|None of them are me. This isn't even Portland. GOTCHA!!! :)||Source|
Dave's death has opened up a vein of long-buried hurts for me that I've been gently and not-so-gently forced to deal with in the past year.
The biggest is my negative self-image. I always go big with my neuroses, so this is the kind of low self-esteem that covers every aspect of me. My mind, my body, my heart, all of it has never been good enough for my biggest critic. Myself.
Something switched in my brain, when Dave died, though. Something about seeing myself as if from a distance, accomplishing each task before me that previously I would have believed impossible. Watching Dave die in front of me and not being able to help. Surviving his memorial and actually taking and receiving love and affection during it. Getting up each day after he died and finding things and people to live for. Going to Camp Widow and writing on this blog.
If someone told me a year ago that I'd be able to survive those events and accomplish those tasks, I'd have said, unequivocally, no possible way.
But there I was, surviving and accomplishing. It couldn't be denied anymore that I had strength and courage.
Add that to the outpouring of love that I received from my community and I had to face facts. There must be some reason for it all. There must be something redeemable about me.
I've spent 36 years convinced there wasn't. Those neural pathways are carved deeply.
So, as life went on and the grieving wasn't always the glaring focus of every waking moment anymore, this self image issue of mine began to rear it's frustrating, energy-wasting head again. For some reason, the brunt of the negative messages I tell myself involve body image.
One night, though, while watching a burlesque show (really up close to the performers), I had a little epiphany that felt a little like a zap to my brain. Those women were confidently shaking their stuff for an audience of strangers.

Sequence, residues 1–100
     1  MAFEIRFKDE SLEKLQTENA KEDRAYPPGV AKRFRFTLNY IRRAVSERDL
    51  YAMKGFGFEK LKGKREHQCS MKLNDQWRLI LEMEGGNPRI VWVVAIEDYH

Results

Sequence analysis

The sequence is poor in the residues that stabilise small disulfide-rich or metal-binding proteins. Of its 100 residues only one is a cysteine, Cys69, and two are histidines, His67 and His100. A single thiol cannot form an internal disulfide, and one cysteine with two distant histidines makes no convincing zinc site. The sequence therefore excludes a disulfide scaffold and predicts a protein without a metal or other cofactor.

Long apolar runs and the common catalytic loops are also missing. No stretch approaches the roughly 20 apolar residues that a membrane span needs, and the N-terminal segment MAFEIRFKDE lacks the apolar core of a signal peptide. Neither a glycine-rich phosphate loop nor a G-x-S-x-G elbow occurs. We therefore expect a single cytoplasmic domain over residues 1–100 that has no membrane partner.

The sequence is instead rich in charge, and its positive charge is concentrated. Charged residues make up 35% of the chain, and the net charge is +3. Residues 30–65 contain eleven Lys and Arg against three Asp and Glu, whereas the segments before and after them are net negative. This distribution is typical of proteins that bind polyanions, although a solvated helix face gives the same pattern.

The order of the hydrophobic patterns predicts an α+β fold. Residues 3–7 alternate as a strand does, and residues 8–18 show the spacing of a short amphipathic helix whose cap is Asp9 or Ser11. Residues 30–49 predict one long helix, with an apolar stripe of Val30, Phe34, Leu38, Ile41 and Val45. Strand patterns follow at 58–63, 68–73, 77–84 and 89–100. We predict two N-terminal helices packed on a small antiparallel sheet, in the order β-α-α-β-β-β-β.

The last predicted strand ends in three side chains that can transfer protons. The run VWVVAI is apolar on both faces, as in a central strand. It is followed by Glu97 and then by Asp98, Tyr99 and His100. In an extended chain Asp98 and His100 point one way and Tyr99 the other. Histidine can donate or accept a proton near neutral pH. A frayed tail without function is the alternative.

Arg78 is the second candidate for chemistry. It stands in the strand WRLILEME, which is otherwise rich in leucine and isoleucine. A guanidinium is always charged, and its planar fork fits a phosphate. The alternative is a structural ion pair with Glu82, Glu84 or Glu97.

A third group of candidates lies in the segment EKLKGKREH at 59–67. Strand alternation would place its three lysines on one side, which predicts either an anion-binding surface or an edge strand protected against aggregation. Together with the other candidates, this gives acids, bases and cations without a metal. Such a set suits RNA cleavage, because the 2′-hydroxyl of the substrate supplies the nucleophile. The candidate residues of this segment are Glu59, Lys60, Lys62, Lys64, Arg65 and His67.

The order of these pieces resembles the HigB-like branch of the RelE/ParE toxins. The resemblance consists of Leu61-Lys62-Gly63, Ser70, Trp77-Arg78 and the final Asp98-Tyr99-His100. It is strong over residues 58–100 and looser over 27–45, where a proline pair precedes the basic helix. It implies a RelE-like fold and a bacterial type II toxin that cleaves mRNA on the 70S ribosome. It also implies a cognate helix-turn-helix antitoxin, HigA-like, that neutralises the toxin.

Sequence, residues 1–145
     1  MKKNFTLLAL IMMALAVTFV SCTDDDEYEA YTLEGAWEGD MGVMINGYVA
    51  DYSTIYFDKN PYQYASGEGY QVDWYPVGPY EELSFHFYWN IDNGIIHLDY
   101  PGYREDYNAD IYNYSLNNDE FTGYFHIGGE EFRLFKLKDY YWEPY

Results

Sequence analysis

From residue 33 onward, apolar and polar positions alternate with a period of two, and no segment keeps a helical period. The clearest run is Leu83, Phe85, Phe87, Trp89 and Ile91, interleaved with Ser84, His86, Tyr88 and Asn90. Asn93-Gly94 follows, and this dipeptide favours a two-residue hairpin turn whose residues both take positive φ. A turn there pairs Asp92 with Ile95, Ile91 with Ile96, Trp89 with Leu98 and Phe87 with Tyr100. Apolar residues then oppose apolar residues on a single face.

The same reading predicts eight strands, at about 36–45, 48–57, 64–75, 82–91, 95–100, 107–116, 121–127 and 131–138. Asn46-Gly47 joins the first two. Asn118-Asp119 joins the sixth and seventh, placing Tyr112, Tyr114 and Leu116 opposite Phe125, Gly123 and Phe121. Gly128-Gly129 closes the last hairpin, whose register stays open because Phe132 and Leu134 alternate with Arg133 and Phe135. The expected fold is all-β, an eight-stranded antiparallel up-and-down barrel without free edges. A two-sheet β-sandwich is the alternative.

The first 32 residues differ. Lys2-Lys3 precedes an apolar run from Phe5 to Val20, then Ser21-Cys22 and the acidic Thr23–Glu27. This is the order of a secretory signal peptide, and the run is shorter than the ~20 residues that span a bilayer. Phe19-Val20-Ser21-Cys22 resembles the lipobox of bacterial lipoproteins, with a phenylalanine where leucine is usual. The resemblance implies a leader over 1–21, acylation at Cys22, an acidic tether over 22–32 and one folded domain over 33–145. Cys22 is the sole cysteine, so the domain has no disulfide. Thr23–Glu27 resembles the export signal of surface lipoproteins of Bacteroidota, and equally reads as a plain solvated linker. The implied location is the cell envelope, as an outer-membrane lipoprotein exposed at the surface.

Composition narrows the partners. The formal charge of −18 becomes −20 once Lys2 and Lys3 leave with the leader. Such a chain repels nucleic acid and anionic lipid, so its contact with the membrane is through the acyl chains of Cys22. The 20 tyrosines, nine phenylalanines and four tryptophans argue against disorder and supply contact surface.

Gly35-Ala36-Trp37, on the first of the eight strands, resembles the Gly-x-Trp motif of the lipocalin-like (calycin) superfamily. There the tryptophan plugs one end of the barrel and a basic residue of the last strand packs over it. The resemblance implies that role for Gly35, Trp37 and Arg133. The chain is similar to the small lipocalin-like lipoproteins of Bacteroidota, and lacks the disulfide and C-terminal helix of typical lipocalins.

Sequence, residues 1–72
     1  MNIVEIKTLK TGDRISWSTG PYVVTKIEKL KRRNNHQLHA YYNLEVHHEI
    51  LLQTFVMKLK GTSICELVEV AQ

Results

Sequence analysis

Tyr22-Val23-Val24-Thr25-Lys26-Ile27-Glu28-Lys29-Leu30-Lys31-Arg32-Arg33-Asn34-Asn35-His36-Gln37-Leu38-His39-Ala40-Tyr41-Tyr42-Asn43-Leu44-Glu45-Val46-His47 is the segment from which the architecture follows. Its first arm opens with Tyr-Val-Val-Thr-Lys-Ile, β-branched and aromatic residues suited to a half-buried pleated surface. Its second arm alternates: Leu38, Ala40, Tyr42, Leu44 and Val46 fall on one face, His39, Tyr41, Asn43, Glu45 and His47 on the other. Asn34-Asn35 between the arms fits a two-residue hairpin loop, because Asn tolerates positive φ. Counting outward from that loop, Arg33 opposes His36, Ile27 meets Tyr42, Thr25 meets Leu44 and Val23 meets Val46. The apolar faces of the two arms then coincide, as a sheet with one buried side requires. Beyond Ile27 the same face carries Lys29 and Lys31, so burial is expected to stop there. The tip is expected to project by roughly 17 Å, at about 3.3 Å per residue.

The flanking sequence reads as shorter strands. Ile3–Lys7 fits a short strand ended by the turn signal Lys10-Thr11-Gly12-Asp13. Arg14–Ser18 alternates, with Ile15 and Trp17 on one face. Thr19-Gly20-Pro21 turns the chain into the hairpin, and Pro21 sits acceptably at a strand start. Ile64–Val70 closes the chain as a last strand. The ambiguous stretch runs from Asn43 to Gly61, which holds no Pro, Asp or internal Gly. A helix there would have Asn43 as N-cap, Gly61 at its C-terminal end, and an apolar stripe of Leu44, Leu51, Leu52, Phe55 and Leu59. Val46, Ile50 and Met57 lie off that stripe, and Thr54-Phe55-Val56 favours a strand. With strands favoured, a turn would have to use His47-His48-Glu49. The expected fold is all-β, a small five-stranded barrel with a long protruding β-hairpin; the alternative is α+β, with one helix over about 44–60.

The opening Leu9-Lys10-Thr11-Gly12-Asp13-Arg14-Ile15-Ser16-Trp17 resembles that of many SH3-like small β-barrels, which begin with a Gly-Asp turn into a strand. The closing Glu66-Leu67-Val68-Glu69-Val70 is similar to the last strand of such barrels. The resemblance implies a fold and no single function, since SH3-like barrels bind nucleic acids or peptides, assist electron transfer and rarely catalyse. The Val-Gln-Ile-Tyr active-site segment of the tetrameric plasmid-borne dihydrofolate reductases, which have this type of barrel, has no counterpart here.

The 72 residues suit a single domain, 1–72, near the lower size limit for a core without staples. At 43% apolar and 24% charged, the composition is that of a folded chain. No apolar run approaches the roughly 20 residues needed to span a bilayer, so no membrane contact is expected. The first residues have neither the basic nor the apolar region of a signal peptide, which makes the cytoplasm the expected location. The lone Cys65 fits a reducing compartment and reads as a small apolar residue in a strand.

Whether they were tall and skinny, short and chubby, round, jiggly, muscular, dimply, smooth, pale, tan, big busted, tiny busted, flat, bumpy, junk in the trunk, or no trunk to speak of...it didn't matter.
They each displayed such confidence that the specifics of their bodies and how well they fit in with our society's definition of beauty just faded away in my mind's eye. What was left to witness was the beauty of bodies themselves, and what they can accomplish. And humor. The brash humor of women too confident to give a shit what anyone thinks.
I left that night thinking that the next chance I had to shed my inhibitions, I would do it. I knew that accepting my body was only part of the process of accepting myself as a whole, but I felt like it was a big barrier.
So...along comes Portland's Naked Bike Ride.
Each summer, around 10,000 Portlanders get naked (variations of naked, but lots of 100% naked too) and ride their bikes through the city together.
A friend and I decided to do it and last night (I'm writing this on Sunday)...we did! My version of naked was bikini bottoms and pasties, but it felt pretty naked!
After the ride was over (this post would become very long very fast if I described the incredible hour or so of naked cycling that I experienced), and I was dressed again, and at a bar amongst strangers, I felt very different.
A weight was lifted off of me somehow. The terrible weight of shyness and insecurity.
Sadly, I don't think that it lasted into today.
I'm looking at pictures of me riding with almost nothing on and already starting to pick apart my flaws again, but for last night, I felt like I was more than good enough, and not just physically. I felt brave and confident, and brash. I felt like my burlesque heroines must feel when they get up on stage and say "F*ck feeling shy about my body and my true, naked self! This is me. Take it or leave it. I'm taking it."
It felt good, and it's one little step on the way to feeling that way more often. Okay, maybe it was a big step. A big, naked step.